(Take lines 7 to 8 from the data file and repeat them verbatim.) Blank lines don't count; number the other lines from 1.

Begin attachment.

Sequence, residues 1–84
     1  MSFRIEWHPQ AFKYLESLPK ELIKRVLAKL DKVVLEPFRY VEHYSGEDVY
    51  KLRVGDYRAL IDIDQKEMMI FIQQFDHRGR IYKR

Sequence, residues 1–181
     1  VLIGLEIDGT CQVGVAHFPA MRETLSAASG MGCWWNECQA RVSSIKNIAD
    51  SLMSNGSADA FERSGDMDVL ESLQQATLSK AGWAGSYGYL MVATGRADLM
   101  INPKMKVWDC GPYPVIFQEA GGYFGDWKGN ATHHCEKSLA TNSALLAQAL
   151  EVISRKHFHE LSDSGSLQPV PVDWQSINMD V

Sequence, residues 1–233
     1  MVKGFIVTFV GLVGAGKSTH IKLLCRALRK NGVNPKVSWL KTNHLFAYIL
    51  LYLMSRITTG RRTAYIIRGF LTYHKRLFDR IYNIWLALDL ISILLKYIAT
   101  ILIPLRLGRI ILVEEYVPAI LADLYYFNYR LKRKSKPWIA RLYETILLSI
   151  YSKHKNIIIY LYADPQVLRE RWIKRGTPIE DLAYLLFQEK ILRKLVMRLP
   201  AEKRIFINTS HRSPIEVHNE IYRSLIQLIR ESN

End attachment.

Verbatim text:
   101  INPKMKVWDC GPYPVIFQEA GGYFGDWKGN ATHHCEKSLA TNSALLAQAL
   151  EVISRKHFHE LSDSGSLQPV PVDWQSINMD V